Friday, October 17, 2014

ARD Unix Command Lines

I have been in the Bush and working with Apple computers since 2006. If I had to choose one area to which every school district is deficient across Alaska, I would say it is student workstation management. With simple tools like Apple Remote Desktop available, I think every teacher who interacts with student computers should have a tool to manage their classroom. Lots of companies make management tools like this: SMART Technologies, SourceForge, and CognitiveEdge to name a few.

When it comes to the specific interactions between teacher and student in the state of Alaska, then you are probably talking about Apple computers. Let's take a look at a simple example of using UNIX commands in the classroom. Don't work, there is no programming, coding, or even a terminal interface involved.

First things first, open ARD. I use ARD 5-10 times daily and still don't keep it in my dock. Click the spotlight finder and type "rem" and you should get it fast. If you don't yet have ARD, you can download it at the app store and if you work for me, just ask for the redeem codes. Now that you have opened the application, select the users you wish to make a change to. There are UNIX codes for all kinds of things ready to go or you could write your own. Be careful, though, you are about to make some serious alterations to the device in question.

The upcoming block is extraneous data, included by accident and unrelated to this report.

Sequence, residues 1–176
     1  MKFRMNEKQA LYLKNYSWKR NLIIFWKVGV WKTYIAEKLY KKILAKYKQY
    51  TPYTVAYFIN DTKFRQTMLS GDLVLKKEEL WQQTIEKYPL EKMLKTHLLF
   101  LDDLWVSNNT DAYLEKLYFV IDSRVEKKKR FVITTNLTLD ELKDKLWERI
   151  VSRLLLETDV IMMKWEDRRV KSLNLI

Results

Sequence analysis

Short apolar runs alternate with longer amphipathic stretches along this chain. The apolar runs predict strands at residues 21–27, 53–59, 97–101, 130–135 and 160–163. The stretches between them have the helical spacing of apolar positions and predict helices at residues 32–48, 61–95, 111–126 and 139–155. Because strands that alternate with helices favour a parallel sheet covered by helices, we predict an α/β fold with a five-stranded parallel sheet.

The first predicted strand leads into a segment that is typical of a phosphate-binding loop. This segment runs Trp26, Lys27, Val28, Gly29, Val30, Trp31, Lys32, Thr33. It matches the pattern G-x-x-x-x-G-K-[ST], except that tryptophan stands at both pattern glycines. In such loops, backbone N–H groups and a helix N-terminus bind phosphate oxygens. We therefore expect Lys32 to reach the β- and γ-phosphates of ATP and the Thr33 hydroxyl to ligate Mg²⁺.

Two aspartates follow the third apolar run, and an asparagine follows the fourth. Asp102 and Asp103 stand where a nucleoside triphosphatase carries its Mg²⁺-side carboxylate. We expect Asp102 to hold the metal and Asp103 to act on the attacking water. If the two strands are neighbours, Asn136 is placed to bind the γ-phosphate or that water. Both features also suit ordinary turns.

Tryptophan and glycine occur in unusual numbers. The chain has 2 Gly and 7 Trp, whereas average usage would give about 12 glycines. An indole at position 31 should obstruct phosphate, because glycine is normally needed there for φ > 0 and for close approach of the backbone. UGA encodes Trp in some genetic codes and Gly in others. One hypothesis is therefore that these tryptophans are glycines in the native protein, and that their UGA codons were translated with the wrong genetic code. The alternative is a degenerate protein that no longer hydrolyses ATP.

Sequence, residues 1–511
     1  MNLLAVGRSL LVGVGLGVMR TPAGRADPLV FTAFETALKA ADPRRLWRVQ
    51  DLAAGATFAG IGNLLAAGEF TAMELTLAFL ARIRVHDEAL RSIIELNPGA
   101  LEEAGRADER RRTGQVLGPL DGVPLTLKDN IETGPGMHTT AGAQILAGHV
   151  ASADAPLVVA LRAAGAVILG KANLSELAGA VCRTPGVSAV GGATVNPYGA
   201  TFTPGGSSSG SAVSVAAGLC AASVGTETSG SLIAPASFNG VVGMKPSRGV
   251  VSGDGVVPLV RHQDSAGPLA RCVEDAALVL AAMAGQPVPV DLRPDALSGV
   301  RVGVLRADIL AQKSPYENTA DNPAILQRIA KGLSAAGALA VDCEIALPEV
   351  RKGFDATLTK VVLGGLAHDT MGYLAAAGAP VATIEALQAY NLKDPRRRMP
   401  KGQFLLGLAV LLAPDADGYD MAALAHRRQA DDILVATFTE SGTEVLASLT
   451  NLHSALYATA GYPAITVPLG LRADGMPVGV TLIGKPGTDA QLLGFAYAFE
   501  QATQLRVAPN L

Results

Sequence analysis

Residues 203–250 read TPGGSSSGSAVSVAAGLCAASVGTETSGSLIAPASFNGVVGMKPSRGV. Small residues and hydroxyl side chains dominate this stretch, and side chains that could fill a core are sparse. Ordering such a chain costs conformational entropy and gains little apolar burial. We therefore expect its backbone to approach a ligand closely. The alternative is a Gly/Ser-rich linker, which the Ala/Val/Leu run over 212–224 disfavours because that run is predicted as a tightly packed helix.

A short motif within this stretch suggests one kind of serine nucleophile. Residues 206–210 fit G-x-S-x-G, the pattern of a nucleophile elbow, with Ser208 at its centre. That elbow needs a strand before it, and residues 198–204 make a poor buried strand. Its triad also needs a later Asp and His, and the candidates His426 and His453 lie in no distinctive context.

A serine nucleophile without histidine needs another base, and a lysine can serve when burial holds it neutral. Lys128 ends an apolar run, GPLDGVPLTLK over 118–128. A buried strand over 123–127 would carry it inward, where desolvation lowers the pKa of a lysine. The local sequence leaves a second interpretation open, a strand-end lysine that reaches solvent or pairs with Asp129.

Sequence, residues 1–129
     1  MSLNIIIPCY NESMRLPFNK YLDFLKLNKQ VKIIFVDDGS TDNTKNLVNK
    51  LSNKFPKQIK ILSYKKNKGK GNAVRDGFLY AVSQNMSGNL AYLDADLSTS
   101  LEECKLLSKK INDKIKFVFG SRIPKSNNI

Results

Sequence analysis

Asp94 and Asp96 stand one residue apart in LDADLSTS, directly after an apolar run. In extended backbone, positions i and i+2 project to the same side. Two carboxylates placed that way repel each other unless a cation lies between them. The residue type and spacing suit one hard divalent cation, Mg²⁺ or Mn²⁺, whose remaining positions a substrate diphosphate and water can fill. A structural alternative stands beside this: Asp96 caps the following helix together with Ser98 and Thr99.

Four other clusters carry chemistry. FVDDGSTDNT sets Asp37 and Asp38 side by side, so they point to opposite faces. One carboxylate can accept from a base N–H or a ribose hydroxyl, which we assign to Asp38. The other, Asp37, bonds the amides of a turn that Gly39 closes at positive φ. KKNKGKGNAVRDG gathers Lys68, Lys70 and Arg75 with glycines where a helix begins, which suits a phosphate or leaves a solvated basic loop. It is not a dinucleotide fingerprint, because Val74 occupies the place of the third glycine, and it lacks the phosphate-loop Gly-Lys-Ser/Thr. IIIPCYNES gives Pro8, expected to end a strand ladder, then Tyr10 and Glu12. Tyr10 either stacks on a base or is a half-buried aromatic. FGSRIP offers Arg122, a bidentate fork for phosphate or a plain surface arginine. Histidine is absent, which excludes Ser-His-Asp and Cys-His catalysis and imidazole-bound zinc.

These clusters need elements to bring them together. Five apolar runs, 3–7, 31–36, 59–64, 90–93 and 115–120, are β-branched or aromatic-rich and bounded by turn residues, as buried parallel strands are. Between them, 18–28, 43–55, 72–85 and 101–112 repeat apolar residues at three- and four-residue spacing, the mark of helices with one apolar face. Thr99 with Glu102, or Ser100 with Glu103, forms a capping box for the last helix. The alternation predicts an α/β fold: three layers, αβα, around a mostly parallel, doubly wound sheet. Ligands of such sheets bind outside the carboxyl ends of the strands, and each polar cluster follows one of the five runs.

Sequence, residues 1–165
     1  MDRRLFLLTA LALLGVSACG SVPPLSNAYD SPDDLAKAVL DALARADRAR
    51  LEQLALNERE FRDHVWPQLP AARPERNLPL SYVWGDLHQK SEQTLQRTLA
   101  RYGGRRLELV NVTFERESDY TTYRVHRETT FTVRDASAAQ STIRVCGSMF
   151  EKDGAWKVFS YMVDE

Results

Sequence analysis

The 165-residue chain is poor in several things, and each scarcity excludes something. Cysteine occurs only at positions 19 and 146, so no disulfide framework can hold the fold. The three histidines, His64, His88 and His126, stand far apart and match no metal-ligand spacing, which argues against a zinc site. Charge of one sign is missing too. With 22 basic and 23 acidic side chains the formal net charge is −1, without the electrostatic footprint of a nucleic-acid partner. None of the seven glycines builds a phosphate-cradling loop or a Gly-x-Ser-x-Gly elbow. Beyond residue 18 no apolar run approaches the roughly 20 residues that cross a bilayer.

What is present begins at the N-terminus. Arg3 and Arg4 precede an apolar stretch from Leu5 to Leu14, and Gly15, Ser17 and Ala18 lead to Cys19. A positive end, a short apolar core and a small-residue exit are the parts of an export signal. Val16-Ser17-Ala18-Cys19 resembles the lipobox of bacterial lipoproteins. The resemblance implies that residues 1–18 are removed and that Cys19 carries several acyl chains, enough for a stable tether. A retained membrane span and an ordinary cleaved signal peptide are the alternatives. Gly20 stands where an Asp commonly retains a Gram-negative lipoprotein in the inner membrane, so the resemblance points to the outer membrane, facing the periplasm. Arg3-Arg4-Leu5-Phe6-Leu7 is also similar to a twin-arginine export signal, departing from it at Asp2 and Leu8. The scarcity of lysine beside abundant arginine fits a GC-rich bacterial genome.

To begin with a simple example, click the user you wish to send the command to and click the UNIX button:

Now you will see a dialog box and several options. Click the radio dial for user and type "root."


In the dialog box, paste the following command: 
chmod a-r /System/Library/QuickTime/QuickTimeUSBVDCDigitizer.component/Contents/MacOS/QuickTimeUSBVDCDigitizer
chmod a-r /System/Library/PrivateFrameworks/CoreMediaIOServices.framework/Versions/A/Resources/VDC.plugin/Contents/MacOS/VDC
chmod a-r /System/Library/Frameworks/CoreMediaIO.framework/Versions/A/Resources/VDC.plugin/Contents/MacOS/VDC

Assuming you have a connection to the user, you should now see the effects of your command: 

The users iSight camera is now disabled. The iSight camera is used in lots of applications, so be careful to turn it back on later when you are through. Someone who is not familiar with your actions may mistakenly think the computer has been damaged. 

If you have any comments or questions, please add them below.